Monday, August 8, 2011


Marvel Studios, once again, marches on triumphantly, getting closer to the awesomeness that will be The Avengers (coming out in the summer of 2012) as they released Thor last May.
Marvel sure has surpassed DC Comics in the last decade with great comic book adaptations, but it’s this new trek that we take towards the ultimate superhero movie, The Avengers, that is going to take the genre above and beyond anything ever filmed.  Unless the super ensemble totally flops, we’re probably going to see DC Comics follow, with Warner Bros., finally bringing their own counterparts in The Justice League come to life.

But enough about the upcoming and possible films of the future, let’s talk about Thor.

Chris Hemsworth plays the title character, the God of Thunder, Thor, Anthony Hopkins plays his father, Odin, and Tom Hiddleston plays his brother, Loki. After seeing Thor on Earth, as Jane Foster (played by Natalie Portman) and two other scientists find him during a strange storm episode, the story flashes back to see Thor and Loki as children and how their father, Odin, seemingly favored Thor over Loki. The story goes forward as we see Thor, as an adult, about to be crowned king to take over Asgard from his father, Odin, the current king. Thor appears very arrogant and pompous, almost with a celebrity status as he smiles and winks to the crowd while walking up to accept the crown. Alarms go off and interrupt the ceremony as intruders have broke into the kingdom to try and steal a power relic. It’s found out that the intruders were Frost Giants and Thor becomes furious, wanting to retaliate. Odin, however, forbids Thor’s desired revenge and wants to keep the peace. But the warrior in Thor does not accept that and goes against his father’s ruling as he takes his warrior companions, along with Loki, to the Frost Giants planet to seek out revenge. Odin finds out, intervenes during the battle and brings Thor back to deal out his punishment, which is to be banished to Earth. He takes Thor’s mighty hammer, his Mjollnir, and casts it away through an open portal. Thor is stripped of his armor and is cast away through it as well.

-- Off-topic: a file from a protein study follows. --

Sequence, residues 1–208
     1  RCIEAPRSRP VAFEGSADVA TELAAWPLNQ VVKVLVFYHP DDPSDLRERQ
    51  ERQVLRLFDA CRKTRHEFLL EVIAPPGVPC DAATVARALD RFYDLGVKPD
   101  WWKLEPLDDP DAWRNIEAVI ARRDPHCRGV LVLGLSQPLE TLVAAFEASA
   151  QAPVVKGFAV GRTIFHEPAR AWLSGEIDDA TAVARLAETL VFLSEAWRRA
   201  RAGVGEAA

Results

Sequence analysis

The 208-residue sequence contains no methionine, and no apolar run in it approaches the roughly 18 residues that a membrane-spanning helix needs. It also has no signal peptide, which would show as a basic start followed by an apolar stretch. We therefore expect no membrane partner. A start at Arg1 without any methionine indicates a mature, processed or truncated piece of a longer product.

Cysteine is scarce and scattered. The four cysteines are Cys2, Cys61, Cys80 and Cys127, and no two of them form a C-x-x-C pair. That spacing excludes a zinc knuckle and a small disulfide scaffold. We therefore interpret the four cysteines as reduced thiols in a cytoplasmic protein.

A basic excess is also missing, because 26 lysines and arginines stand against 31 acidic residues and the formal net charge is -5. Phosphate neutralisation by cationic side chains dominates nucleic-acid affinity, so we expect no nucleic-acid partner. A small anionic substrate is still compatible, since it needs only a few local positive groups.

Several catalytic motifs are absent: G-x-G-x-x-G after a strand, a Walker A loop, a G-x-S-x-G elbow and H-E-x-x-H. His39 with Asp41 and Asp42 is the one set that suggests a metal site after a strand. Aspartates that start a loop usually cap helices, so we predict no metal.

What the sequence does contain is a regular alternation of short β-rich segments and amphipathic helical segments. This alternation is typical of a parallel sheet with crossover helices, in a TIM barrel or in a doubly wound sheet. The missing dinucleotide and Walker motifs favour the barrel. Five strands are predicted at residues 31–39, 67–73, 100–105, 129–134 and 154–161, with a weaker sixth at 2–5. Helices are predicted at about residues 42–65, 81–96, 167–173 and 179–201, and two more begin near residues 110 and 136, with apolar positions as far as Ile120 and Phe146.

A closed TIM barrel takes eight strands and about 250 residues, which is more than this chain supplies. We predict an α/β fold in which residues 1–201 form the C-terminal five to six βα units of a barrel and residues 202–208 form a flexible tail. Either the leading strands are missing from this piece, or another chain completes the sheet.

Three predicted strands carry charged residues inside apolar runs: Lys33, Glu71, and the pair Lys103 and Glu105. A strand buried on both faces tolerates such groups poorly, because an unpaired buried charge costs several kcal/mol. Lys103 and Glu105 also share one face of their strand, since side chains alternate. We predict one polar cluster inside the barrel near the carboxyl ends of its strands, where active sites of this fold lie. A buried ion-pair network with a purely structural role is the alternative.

The story picks up back on Earth, as we see what follows when Jane Foster ran into Thor at the beginning of the film.

The story is no great epic, but has an awesome feel to it as we see Thor learn to leave his arrogance behind and stand for something. Because, as Odin speaks before casting out Thor’s Mjollnir, only one who is worthy can wield the mighty weapon. And, as we saw at the end of the credits in Iron Man 2, that weapon landed and was lodged in the middle of the desert, no one being able to lift it from its place in the sand.

In Thor, we start off seeing a self-aware god and see how he becomes a noble hero.
Hemsworth definitely plays the part well, as does Hiddleston playing Loki. But Anthony Hopkins commands the screen with his portrayal of Odin. It takes me back to the rumor a few years back of how he was approached to play Jor-El in Superman Returns.  If he brought out this type of performance as Superman's birth father, it might've saved that film.  And although there was a spark of romance between Hemsworth and Portman, for me the chemistry wasn’t there between them; but they had some good scenes together.  The special effects were awesome and the spectacular landscapes and buildings of Asgard were stunning.
I was never really a fan of the comic book character, so I went in not expecting too much. The correlation to The Avengers kind of boggles me and I’m wondering how they’re going to bring a god into this group of human heroes.  But I guess we’ll have to wait until next summer to see how that goes. I’m really looking forward to see the Hulk on the big screen again and think that Mark Ruffalo will make a great Bruce Banner.  It’s such a shame that other characters can’t be added in to the mix as well, like Spidey or the X-Men, or maybe the Fantastic Four…

Anyway, my final “bit” on Thor is go watch it if it’s still in theaters…otherwise, rent it or buy it when it comes out on DVD and Blu-Ray.

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